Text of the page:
by Lev Tsitrin
To make sure I was neither reinventing the wheel, nor plagiarizing, I googled “body mind” — and was stunned by profusion of resulting links. It turns out that there is something called “Mind-body problem” that goes all the way back to the time before Aristotle and was reformulated to its current form by Descartes. It is defined by Wikipedia as “a philosophical debate concerning the relationship between thought and consciousness in the human mind, and the brain as part of the physical body. The debate goes beyond addressing the mere question of how mind and body function chemically and physiologically. Interactionism arises when mind and body are considered as distinct, based on the premise that the mind and the body are fundamentally different in nature.”
The Wikipedia entry was so erudite, so lengthy, and had so many sub-links to equally mind-numbing subjects that I decided to put down my own thoughts without further study, even at the risk of plagiarism. If someone catches me in it, I concede and apologize in advance. My bad.
This said, what I am talking about is not the difference between mind and body, but their surprising similarity. I don’t want to suggest causality here; perhaps the similarity is purely coincidental — and yet, it is clearly observable: both the mind and the body tend to have a similarly adversarial reaction to what may be beneficial to them, but is alien in origin.
When a diseased organ that threatens body’s physical survival is surgically replaced, the body does something counter-productive: “the recipient’s immune system will identify the organ as foreign and attempt to destroy it, causing transplant rejection.” While the patient’s mind knows that the procedure is beneficial, the body doesn’t. If it possessed reason, the body would have first checked the newcomer for its function and, having detected that it functioned much better than the organ that got replaced, it would have rejoiced at this replacement. Yet irrationally (but blamelessly, because it has no reason), the body does what is opposite to its vital self-interest and attacks what is good for it — leading to self-harm, if not self-destruction.
Now, one would think that because the mind does reason (which is its one and only function, in fact), this should not be happening to ideas. Having encountered a new, unproven idea — an idea so brand-new that is has not yet become the part of established body of knowledge and is not supported (or discredited) by recognized authorities, the mind, one would think, would give it a chance and, while not automatically accepting it (which would indeed be foolish, for the idea may be wrong and harmful), it would at least give it a fair chance by examining its weak points, and if none are found would evaluate its usefulness with a view of adopting it. One would think that this should be a reasonable thing for a mind to do. After all, all that mind does, is it reasons things out.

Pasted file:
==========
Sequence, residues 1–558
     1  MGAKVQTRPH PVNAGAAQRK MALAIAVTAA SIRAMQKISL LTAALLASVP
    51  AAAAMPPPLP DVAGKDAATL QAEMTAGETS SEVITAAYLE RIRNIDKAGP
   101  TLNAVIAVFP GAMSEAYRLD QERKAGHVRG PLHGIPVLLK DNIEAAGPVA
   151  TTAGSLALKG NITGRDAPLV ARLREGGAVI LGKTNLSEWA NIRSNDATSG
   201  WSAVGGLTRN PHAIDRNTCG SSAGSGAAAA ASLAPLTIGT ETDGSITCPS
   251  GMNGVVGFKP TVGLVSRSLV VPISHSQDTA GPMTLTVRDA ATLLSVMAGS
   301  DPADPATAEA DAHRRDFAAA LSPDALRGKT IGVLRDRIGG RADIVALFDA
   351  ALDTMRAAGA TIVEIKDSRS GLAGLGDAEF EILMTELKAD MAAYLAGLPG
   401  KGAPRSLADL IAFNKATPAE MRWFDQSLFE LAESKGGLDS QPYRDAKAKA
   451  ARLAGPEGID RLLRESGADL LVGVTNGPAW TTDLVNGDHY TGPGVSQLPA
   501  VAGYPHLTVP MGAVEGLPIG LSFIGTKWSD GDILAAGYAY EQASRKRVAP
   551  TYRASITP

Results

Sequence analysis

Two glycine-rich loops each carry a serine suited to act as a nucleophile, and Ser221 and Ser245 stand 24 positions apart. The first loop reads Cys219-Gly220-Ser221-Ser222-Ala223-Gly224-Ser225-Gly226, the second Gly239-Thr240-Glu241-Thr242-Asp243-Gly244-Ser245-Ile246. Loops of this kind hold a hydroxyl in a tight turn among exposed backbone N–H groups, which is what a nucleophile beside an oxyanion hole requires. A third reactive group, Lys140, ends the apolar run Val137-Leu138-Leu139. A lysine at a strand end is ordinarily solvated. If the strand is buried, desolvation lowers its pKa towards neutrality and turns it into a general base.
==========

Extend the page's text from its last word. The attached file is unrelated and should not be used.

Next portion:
And yet, the snap rejection of new, “alien” ideas is not that uncommon. Mark Twain recalled later in life how he rejected out of hand the chance to purchase shares offered him — at deep discount — by an inventor by the name of Alexander Graham Bell: his ideas were simply too wild, too alien.
I am no Bell, and the ideas that came to my mind are far more simple, — and yet, I would argue, they may be of very considerable utility. Is an idea that has the potential to end Islamist terrorism useless? It isn’t, because countering terrorism consumes huge resources: money, manpower, military materiel — all of which could be directed to other uses if the problem of terrorism is solved; not to mention that terrorists kill people and cause suffering and misery — so putting an end to terrorism is a worthy goal. And yet I discovered that, time after time, the simple idea that the Islamist ideology which fuels Islamist terrorism can be examined and easily debunked, is met with a reflexive, knee-jerk rejection by the very people who are professionally engaged in fighting terrorism. To them, the only proper tools are political, economic, military pressure. Starving terrorists of supporters and funds, bombing and Killing them, is how the fight against them needs to proceed. But persuasion? Telling terrorists that their ideology is wrong? Are you kidding? How stupid, if not mad, is that?
I recall talking to a head of a religion department at a major university, suggesting that ayatollahs’ confidence that they follow the divine will by basing their policies on the Koran was, religiously speaking, idol-worship — given that it is physically impossible for anyone to know whether God talked to Mohammed. A very intelligent woman, she instantly grasped the idea and agreed that Islamists were idolaters. Yet when I suggested the next logical step — that this be publicly discussed in academia and the media to make it impossible to ignore so it reaches the Islamists themselves, thus imploding the regimes like Iran’s, her jaw literally dropped, and she looked at me in disbelief that something like this could actually be suggested. Yes, ayatollahs and their ilk are idolaters. But saying it in so many words? Impossible!